Not surprisingly, many business owners are upset to discover that their business interruption policies do not cover losses due to pandemics. Although it is easy enough to understand their frustration, it is important to understand the underlying economics. (Full disclosure, I worked in the property casualty industry for many years.)
The main business of insurance companies is risk pooling. They take premiums from (say) large numbers of drivers, and then use those premiums to pay claims for the small number of drivers who have accidents each year. What is essential to the viability of this business model is that risks are uncorrelated or independent: the chance that you have an auto accident must be largely independent of the risk that your neighbors do. If everyone has an accident at the same time, the premiums everyone pays will not come close to covering the accident losses. To some extent, of course, losses are correlated, and this can result in losses to insurance companies and their investors. For example, when it snows accidents go up and losses rise. Insurance company investors can bear these risks. Some losses that are correlated locally can be spread globally. This is what happens with the losses caused by hurricanes and earthquakes – they are pooled across the globe by reinsurance companies. But if losses are too widespread, large, and highly correlated they cannot be insured using the standard logic of insurance. My guess is that pandemic losses from business interruption fall into this category.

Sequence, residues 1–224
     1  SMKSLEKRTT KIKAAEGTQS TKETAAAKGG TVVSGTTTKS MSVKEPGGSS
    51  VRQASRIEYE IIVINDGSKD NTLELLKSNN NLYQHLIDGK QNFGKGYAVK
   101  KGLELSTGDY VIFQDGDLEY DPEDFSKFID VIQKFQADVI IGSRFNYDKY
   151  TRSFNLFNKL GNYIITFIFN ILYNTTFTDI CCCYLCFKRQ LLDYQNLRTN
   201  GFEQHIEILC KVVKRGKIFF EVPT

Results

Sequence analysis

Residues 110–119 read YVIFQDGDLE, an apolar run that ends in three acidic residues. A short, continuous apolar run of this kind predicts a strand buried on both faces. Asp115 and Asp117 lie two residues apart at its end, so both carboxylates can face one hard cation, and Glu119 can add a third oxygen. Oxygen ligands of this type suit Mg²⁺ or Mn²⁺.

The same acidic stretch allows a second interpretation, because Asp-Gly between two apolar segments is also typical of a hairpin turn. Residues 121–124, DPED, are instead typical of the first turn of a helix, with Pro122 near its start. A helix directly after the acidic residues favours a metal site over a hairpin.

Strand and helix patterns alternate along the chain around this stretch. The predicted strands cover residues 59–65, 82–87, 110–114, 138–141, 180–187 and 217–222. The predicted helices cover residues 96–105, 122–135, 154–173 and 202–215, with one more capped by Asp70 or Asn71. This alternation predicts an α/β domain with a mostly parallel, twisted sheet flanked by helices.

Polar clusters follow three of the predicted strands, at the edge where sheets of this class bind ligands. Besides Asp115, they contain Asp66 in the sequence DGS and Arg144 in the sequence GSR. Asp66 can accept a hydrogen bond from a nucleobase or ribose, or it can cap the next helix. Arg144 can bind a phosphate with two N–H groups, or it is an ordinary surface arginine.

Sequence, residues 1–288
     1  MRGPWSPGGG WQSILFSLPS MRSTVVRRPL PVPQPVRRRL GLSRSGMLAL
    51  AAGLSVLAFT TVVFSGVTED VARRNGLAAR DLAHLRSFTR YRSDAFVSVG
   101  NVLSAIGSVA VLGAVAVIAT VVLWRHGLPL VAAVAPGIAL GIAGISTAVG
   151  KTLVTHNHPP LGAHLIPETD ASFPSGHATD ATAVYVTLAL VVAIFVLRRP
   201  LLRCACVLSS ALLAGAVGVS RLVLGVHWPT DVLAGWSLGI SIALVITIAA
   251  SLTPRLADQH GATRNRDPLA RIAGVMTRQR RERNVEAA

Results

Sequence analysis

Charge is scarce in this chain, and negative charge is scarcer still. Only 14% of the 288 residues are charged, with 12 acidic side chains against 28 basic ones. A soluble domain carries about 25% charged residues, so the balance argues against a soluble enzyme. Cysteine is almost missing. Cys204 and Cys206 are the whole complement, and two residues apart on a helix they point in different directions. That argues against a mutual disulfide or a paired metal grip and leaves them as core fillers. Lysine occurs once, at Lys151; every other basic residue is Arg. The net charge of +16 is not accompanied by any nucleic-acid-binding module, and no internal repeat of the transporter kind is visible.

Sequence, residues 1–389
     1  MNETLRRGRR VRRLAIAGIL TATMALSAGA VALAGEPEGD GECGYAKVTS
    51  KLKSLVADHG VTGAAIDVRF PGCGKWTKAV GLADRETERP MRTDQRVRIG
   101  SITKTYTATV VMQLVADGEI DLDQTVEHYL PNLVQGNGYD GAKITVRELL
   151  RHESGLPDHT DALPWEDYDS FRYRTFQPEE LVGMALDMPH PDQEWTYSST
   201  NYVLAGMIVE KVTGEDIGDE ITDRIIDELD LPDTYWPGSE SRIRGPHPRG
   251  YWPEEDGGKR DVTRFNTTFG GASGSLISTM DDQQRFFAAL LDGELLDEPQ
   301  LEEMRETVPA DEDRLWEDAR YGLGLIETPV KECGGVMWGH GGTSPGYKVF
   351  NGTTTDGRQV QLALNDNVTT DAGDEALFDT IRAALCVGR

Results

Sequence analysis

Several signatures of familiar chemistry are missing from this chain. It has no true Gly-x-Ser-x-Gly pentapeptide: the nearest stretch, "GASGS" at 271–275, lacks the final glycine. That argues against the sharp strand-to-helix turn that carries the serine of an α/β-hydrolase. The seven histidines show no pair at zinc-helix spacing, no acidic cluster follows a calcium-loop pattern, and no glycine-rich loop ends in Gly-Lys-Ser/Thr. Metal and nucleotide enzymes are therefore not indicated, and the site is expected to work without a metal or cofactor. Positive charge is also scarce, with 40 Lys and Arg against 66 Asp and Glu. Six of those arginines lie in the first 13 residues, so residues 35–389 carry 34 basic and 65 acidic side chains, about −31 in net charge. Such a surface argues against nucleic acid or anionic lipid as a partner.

I haven’t seen an analysis, but I suspect that an effort to force companies to pay business interruption claims would impair or bankrupt many insurers and reinsurers.